Especially in a year that has made us confront our own mortality and forced us into closeness and isolation, the promise of the open, untamed, and unregulated has been too much of a lure, which brings me to a far more serious question, “How does this particular obsession tie into my broader work on environmental sustainability, biodiversity conservation, and greener livelihoods? Are these two interests at odds?” After all, the idea of biodiversity is quite opposite to the emphasis on any one animal. There’s a strong criticism of people’s devotion to a few flagship species such as the tiger. Some conservationists believe that the excessive attention on these species allow people to ignore all the other species that are as critical, each in their own way, to sustaining the web of life. Urbanites especially, who are often quite deracinated from the wild, may not be aware of the consequences of an imbalanced reaction to a few species or to one particular celebrity animal for that matter. For example, all the tourist Jeeps crowding noisily, their cameras clicking away like gunfire around Blacky or around the beloved tigress Machali of Ranthambore or Tadoba’s famous Maya, do disturb the animals and makes their cubs skittish too.
A narrow focus on some animals can do genuine harm, not just to them, but also to other species or landscapes because the whole system is so intricately interconnected that it eventually may be detrimental even to the species that people claim to love. Some environmentalists are therefore dead against giving human names to wild animals and taking a very anthropocentric approach to conservation. And there is some truth there for us to consider. We have to be very vigilant not to let the symbol become bigger than the message it carries. We have to be careful, especially as tourists, to go into the wild not to extract value alone, but as trustees of the forest’s innate worth. Yet, maybe the love for one kind of animal can also lead people to understand more about how that animal is connected to the food chain and the environment in which it must thrive, and how all that connects back to human well-being as well.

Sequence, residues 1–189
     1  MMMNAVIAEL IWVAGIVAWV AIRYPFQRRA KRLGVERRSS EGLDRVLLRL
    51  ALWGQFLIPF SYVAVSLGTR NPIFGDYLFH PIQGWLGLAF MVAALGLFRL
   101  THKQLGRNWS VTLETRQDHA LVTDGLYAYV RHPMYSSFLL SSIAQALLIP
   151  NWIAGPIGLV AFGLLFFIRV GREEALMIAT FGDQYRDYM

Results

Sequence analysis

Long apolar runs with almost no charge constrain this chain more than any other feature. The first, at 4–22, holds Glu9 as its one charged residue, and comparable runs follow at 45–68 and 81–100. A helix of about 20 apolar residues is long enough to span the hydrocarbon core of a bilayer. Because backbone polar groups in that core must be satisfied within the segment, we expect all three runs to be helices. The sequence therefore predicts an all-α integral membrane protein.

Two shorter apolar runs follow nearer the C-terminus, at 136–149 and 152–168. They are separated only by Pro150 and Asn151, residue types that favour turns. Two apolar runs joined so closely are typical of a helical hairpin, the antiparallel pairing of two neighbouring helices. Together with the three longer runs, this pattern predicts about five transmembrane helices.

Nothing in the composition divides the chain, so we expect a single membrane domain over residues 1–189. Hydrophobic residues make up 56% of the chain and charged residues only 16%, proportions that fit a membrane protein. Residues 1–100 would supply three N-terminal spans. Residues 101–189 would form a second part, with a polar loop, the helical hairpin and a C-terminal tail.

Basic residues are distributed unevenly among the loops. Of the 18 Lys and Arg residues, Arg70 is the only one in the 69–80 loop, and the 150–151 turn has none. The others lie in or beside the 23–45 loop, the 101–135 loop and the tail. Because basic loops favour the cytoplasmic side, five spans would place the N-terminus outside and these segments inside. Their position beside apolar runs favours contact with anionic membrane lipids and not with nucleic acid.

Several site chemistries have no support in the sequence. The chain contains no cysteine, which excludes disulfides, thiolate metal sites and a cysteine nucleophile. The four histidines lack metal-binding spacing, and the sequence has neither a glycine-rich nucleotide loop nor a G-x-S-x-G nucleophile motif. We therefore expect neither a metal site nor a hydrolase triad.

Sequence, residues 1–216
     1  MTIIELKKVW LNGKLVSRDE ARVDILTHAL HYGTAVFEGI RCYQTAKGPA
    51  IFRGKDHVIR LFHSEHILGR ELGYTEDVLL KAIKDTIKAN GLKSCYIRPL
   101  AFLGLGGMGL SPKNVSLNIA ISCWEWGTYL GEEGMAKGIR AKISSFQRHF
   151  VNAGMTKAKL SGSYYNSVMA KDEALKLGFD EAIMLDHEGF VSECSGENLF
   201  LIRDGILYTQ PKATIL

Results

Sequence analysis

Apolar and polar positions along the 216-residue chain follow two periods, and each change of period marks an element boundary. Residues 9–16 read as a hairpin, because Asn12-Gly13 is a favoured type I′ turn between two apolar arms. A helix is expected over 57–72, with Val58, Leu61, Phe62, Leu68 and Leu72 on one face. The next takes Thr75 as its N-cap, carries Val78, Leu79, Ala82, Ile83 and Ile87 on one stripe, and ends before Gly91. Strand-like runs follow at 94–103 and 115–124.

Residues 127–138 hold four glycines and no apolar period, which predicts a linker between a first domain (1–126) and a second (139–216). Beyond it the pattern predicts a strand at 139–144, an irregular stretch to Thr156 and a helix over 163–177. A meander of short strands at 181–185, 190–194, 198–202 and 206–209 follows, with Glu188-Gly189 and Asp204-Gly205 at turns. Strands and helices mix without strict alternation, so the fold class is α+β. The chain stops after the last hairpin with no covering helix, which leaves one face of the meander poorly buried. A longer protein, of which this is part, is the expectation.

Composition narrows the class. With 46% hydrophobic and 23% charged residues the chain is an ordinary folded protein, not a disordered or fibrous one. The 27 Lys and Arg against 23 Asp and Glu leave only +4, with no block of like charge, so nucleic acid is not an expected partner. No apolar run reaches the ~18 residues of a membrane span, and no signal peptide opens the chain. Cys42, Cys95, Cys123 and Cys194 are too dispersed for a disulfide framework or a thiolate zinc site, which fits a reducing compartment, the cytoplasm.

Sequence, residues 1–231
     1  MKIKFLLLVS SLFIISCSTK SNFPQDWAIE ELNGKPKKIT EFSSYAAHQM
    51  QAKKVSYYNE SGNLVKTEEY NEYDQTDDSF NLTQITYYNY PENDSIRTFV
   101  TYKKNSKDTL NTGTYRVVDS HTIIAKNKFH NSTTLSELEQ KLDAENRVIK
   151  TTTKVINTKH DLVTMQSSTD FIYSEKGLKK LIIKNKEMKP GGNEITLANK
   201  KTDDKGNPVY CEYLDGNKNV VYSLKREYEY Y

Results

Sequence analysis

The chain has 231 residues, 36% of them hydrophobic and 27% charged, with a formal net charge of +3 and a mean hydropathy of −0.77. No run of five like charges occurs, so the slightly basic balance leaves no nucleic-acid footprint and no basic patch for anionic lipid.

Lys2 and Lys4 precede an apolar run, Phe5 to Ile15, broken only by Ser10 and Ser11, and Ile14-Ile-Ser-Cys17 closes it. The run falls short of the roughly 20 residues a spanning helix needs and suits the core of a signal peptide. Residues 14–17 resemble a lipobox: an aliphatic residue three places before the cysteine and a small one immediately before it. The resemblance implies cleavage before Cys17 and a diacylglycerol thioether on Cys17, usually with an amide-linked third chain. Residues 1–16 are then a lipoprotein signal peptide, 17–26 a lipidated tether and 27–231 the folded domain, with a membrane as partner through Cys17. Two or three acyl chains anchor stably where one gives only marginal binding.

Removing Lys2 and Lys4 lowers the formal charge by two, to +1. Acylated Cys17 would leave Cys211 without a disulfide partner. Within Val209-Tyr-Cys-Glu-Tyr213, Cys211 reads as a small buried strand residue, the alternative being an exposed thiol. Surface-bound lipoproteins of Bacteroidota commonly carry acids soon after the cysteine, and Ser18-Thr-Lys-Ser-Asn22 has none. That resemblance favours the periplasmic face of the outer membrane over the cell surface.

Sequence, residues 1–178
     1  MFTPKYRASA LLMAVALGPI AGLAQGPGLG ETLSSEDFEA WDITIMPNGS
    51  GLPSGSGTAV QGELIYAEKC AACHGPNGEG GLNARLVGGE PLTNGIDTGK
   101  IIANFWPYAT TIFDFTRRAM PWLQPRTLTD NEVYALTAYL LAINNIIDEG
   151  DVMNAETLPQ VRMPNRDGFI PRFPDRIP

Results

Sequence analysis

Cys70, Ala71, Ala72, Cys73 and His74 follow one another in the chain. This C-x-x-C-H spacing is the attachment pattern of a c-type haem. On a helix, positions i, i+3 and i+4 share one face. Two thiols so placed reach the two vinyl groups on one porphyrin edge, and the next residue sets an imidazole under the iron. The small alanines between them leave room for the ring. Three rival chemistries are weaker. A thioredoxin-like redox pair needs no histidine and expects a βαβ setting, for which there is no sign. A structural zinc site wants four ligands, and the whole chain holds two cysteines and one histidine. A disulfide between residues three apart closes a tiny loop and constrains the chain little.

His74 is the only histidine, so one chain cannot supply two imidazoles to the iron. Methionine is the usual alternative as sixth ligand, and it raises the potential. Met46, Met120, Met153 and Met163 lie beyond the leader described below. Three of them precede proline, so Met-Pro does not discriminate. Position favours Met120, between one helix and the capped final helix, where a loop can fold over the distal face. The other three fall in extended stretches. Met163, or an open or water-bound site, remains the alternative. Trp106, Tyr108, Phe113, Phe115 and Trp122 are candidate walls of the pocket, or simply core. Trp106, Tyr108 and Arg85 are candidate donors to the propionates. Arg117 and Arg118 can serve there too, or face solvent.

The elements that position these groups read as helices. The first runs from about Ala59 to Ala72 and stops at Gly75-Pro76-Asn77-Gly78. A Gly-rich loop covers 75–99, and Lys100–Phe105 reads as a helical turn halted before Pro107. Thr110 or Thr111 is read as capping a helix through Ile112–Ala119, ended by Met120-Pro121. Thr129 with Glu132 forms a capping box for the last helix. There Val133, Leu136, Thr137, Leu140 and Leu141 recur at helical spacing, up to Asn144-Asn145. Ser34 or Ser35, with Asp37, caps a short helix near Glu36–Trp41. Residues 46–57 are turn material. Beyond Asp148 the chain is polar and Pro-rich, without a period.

A Lesson in Humility
Many conservationists themselves have been victims of the emotional attachment to a particular species because it is a very powerful thing, and maybe we humans cannot conserve and cannot renew our ecology without that pull, that undeniable attraction. We can’t seem to feel drawn to ants or cockroaches, so understandably, it must be a charismatic species that becomes the objects of our attention. Perhaps this can be a powerful way to harness a much broader public constituency and to engage local communities who are very critical for conservation. People have been obsessed with all sorts of animals throughout human history. Love, it seems, can have many forms. The innovator, Nikola Tesla, used to love a white pigeon. He said he loved it as a man loves a woman, and he also claimed that the pigeon loved him back. Literature and art have celebrated the possibility of such passion enthusiastically, and many writers have also talked of these practices all over especially in India. Some of the best stories, especially for children, have been about the human love for animals. Think of ‘Black Beauty’, ‘The Yearling’, ‘My Friend Flicka’, and ‘Lassie’. It’s not just domesticated animals that evoke love and passion in books and in movies – there was ‘Free Willy’, ‘King Kong’, ‘Hachiko’, ‘The Black Stallion’, ‘Beethoven’, ‘The War Horse’, ‘Seabiscuit’, etc. There are also stories and movies inspired by real-life heroes who have had a passion for animals like Joy Adamson and Elsa the lioness in ‘Born Free’ and ‘Living Free’; Jane Goodall and her bond with Flint, the chimpanzee, in the film ‘Miss Goodall and the Wild Chimpanzees’ and much later in the documentary simply called ‘Jane’.
More recently, there was a Netflix documentary called ‘My Octopus Teacher’, about Craig Foster’s journey of self-learning with a common octopus in the South African kelp forest. I feel similarly – my experience also has allowed me to see Blacky as a kind of a guru in the sense that I have learnt many lessons from him and from my journey chasing him. They are lessons of perseverance, patience, grit, and learning how little we really need in life. I have personally understood what might be the foundations of happiness in the sense that, in the suspension of my normal self, I’ve experienced a complete loss of control. Occasionally, I joked that I feel like a hapless puppet. When Blacky calls, when he comes out, I must go and I have experienced such a loss of control as a kind of a freedom, a kind of a joy. But most of all, it has taught me that my wealth and the power that undeniably goes with it, has been pretty worthless in this case. Blacky has not revealed himself to me no matter what I do. Through this, he has taught me more about humility than all my other teachers combined.